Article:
Mr MacKenzie, who was partly backed by his old boss Rupert Murdoch, was the sole bidder for the company, after a bid by the station's current management team was withdrawn in July. His new company, TalkCo, is buying the 63 per cent of the station owned by its current parent, the European media giant CLT-UFA.
The deal values the station at pounds 24.7m. The existing management, led by programming director Paul Robinson and backed by the Guardian Media Group and United News & Media, is believed to have valued the station at pounds 20m.
Mr MacKenzie said he would be bringing new broadcasters to the station. One of his talents as a print journalist was as a talent spotter. The current editors of The Sun and The Mirror are both MacKenzie proteges.
However he once famously boasted of his ignorance of broadcasting and after a number of years at Mirror Group's Live TV, was happy to return to newspapers earlier this year before departing to launch his Talk bid.
He maintained yesterday that the all-talk format of the station was the key to its strength. "Commercial speech radio is particularly well-positioned to benefit from this growth, as has already been proved in the US and Australian markets. We will be looking to both new and established broadcast talent to capitalise on this opportunity."
The deal is now subject to approval by the Radio Authority. The involvement of Mr Murdoch in the takeover has provoked calls from some MPs for the deal to be halted.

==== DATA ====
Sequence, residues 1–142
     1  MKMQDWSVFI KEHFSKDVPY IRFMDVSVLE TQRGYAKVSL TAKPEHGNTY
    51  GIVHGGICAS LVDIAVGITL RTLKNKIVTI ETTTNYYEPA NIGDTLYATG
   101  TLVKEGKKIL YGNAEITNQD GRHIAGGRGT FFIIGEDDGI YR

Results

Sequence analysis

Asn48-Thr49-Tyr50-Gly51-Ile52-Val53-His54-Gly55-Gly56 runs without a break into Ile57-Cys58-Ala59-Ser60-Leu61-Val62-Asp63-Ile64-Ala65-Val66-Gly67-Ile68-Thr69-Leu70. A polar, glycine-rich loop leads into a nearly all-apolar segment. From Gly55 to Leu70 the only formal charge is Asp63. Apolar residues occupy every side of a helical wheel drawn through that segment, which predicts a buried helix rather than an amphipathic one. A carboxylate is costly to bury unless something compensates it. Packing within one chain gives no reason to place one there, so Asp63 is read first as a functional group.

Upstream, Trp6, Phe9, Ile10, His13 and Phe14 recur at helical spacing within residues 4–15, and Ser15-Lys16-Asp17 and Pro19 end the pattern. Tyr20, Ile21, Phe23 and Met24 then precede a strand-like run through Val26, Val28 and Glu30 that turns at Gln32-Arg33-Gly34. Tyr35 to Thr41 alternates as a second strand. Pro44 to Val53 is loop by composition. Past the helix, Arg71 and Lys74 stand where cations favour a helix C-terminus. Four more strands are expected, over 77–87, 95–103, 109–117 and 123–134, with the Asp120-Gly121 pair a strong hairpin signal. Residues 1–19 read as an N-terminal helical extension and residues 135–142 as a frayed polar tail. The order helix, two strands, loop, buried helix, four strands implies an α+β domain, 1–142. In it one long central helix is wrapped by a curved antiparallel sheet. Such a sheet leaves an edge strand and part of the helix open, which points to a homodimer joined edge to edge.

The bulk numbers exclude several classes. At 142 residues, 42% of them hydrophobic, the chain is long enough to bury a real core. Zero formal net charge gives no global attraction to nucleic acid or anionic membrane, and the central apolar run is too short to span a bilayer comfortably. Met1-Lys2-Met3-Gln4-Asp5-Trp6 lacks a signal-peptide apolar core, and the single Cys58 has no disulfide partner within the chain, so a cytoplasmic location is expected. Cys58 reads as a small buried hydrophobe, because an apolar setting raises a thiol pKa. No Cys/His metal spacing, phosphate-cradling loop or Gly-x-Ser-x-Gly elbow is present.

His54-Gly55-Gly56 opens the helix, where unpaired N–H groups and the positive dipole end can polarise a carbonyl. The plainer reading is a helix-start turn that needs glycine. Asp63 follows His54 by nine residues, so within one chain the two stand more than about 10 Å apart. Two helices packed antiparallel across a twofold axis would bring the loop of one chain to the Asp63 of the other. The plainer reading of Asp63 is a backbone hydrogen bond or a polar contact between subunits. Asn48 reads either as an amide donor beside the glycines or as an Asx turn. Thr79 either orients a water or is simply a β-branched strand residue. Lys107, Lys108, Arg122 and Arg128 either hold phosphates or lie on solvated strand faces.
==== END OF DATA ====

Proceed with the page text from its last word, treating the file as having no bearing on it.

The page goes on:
In the past Mr MacKenzie has made no secret of his desire to run his own media business and is known also to be interested in moving into film and television production.
As well as Rupert Murdoch's News International, Mr MacKenzie's consortium is backed by Radio Investments and LMC Radio, a subsidiary of the US cable TV group TCI.
Mr MacKenzie was also advised by Apax Partners, the venture capital company which backed Chris Evans' successful pounds 84m take-over of Virgin Radio last year. The successful bid is also supported by MVI, a British investment company which already owns 35 per cent of the station.
Mr MacKenzie, formerly the deputy chief executive of the Mirror Group and before that editor of The Sun for 13 years, said yesterday: "Radio is a growth medium which is attracting an ever increasing number of listeners and share of advertising market."
Commercial radio's share of advertising revenue has been increasing by around a fifth a year during the Nineties and national franchises like Talk are thought by the City to represent unexplored potential. The big national stations will also be in the position to exploit the digital radio spectrum which might develop over the next 10 years into a distribution network for the internet.Reuse content